Cannabis = good. Government = bad.

    • Blake Beagelsmith

      Who cares; they should worry about all the tweakers and illegal cartels. Don’t worry about what grown men do with their own land.

    • Blake Beagelsmith

      and yes; if Cannabis bothers you; I would move. It is going to become an absolute MASSIVE force of our State. The east coast is much cheaper; you know? Less freedom loving liberals too.

      • Uwe

        freedom loving liberals?
        Well, if that isn’t an oxymoron I don’t know what is. California is the most regulated state in the US aside from NY

        • Blake Beagelsmith

          I hear the old people say that all the time; but I have never really seen any indication proving it.
          ” regulated”? like overtaxed? environmental things?

          in most states; i will still get thrown in jail for a decade for an ounce of pot. In CA; I can go sit on a nude beach and smoke as much pot as i want. How regulated is that?

          • Sergio Farias

            Bullshit. I want to see you smoke as much as you can without a medical card and see how well you do. It is decriminalized not legalized, you are definitely confused.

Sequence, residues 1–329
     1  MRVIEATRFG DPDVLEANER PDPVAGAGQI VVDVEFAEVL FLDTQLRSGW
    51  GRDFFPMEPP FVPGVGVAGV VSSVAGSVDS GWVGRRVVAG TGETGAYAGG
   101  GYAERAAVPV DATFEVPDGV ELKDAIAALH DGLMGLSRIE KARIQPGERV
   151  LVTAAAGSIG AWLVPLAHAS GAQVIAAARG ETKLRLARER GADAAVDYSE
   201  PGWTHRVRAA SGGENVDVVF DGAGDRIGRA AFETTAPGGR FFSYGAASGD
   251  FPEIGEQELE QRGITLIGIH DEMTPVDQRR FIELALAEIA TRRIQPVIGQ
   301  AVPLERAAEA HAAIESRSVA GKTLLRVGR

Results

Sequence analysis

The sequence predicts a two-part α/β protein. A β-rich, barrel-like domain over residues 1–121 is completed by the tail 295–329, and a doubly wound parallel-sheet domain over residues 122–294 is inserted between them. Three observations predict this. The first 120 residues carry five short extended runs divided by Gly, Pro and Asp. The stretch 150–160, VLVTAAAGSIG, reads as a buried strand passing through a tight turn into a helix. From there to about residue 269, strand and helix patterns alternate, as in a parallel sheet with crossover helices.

• Blake Beagelsmith

            Are you in the same CA I am?

            Anything less than an ounce and you get a ticket; is it?

            If they even decide to charge you…

            Plus; most smokers DO have their medical card. Why would they support AUMA and give those rights up?

          • jontomas

            So, even though most people are not medical marijuana patients, they should just lie (breaking the law) to pay $80 to a “doctor” for a phony examination for “medical” permission. – What’s sad is you think that moronic fiction is a good basis for sound public policy. And we can’t begin to attack problems like the right to work and the right to maintain child custody until we end ALL of the punishment of consumers and bogus “criminality” of marijuana.

            Prop 64 solves that and is the key piece in the larger puzzle of ending the fraudulent federal prohibition – the true death knell of the monstrous, 80-year war on millions of marijuana consumers.

          • Blake Beagelsmith

            You beat the government by disobeying them; not by signing their corrupt bills into law. We are so opposed it is not even funny! I really would not expect AUMA to pass; you lot are really the minority here.

          • jontomas

            You wish. – Polls show 60 percent of Californians support legalizing marijuana with Prop 64!

          • Blake Beagelsmith